Gransnet forums


daughters lack of confidence in us

(57 Posts)
silverlining48 Thu 07-Aug-14 09:59:13

does anyone else get lists of instructions lists, texts and phone calls every time they look after their grandchildren to check that all is well. Nothing untoward has ever happened and this constant supervision is making us miserable. We love seeing our grandchildren, and have spent lots of happy times together. None of my friends have this experience Any advice?

FarNorth Fri 22-Aug-14 18:07:00

I'm happy to get any instructions as I don't see my DGD very often (because of distance) and she is a little person with habits and preferences that I may not know about.

Summerisle Fri 22-Aug-14 13:52:16

I can see how frustrating it must be to be given a list of instructions but then I don't actually assume that just because I managed to bring my sons up to adulthood without any disasters, it makes me an unquestioned expert!

Also, guidelines about caring for babies and children have changed in many ways - as is always, historically, the case - and I find it much easier to just agree with any recommendations about my DGDs.

Only I remember how irksome it was to be constantly told by my former MIL that I was "doing things all wrong" when I fed on demand and refused to attempt to potty train a 6 month old baby. My own mother was great. She provided advice if requested but otherwise kept schtum. I'm sure I did things differently to her but she never forgot that my babies were MINE. So I've always taken the same approach with my DGDs.

I don't get a list of instructions but sometimes I do quietly laugh to myself when my DDIL and DS worry whether my eldest DGD will be "naughty" in my care. Trust me, I brought up the King of Tantrums (my other son) and I find being a grandmother an absolute breeze in comparison!

chloe1984 Fri 22-Aug-14 13:04:09

I have looked after my two grandsons from a few weeks old for the weekend etc. never have they arrived with any instructions/ advice etc. whatsoever. Yesterday we took charge of the dog for a few days he arrived with a page of A4 instructions.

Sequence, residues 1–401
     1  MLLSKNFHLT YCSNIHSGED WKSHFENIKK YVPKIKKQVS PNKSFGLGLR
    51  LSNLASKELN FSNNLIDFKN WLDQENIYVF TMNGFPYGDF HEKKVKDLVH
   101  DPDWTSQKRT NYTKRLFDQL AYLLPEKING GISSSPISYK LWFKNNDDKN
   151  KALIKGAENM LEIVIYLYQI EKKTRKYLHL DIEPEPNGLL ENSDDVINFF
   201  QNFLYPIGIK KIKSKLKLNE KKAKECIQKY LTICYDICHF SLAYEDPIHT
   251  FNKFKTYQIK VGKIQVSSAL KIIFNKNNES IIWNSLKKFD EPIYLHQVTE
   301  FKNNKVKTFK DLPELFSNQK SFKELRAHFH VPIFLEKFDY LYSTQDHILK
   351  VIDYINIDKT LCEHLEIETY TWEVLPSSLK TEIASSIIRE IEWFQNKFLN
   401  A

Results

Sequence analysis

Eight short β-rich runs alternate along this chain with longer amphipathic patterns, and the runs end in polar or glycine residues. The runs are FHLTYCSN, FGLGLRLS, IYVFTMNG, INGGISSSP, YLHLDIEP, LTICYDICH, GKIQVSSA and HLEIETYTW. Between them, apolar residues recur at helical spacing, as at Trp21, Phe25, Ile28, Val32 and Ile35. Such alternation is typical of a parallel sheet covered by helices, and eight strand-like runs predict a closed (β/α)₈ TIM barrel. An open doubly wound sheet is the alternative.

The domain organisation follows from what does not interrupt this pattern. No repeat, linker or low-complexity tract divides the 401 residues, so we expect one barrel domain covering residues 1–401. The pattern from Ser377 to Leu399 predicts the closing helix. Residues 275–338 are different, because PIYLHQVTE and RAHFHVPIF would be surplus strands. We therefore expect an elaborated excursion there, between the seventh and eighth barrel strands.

FlicketyB Fri 22-Aug-14 10:10:36

I can remember all too clearly the first day we had precious GD in our care, we live 200 miles away so she was 4 before this happened.

We took her to the beach at Filey - a mix of sand and stone. We were walking along the concrete path to the Brig, when it became seaweedy and slimy. I immediately started to say 'I think its time to turn back now the path is getting slippy', (I was worried for myself as well as her) when she went base over apex and grazed her knee and had a nasty scrape down her leg. We returned her to her parents cringing and apologetic, as they are, at times, a bit over fussy (or seem so to us), but they were very relaxed about it and we were allowed to have her again the next day. We headed inland then to somewhere less hazardous!

Magmar Thu 21-Aug-14 22:19:19

For me it's mostly the other way around - I fretted about doing things right and sticking to the grandchildren's routine when they were small, and then yesterday when I visited my daughter and found her in the garage putting things in the tumble dryer and asked her where the 22 month old was, I was told she's in her high chair in the kitchen - and discovered her NOT strapped in!! Call me old fashioned, but if I had left her like that and something had happened there would have been hell to pay! And I would have deserved it! There is a happy medium!

Stansgran Thu 21-Aug-14 21:17:00

A friend told me to practice saying with a direct smile and eyes wide open"we've done everything you asked"best to say it to the mirror first.

silverlining48 Thu 21-Aug-14 19:45:10

Lovely reading everyone's points about my initial question. Some made me smile and some made me feel better. So thanks to you all. We will carry on and try to take the lists of instructions with a pinch of something, and know we are more than capable of taking good care of our lovely grandchildren.

pinkprincess Sat 09-Aug-14 20:01:01

Thank you JaneAinsworth

5timesnannie Sat 09-Aug-14 18:01:02

I have 2 d.i.l, one never gave instructions/orders but the other with her first left me with 5 pages of A4. As Kiora says read or listen then do what you know you should do and don't take it personally. This d.i.l has now had her 3 third child and we now laugh about her notes. 3rd child is left with me once a week and I have to ask for an update on the day's routine. Stay calm, smile and don't worry, I am sure you are a great granny.

Mishap Sat 09-Aug-14 17:36:53

That made me smile when - I know just what you mean. If in doubt, I ask a grandchild!

rosequartz Sat 09-Aug-14 17:16:32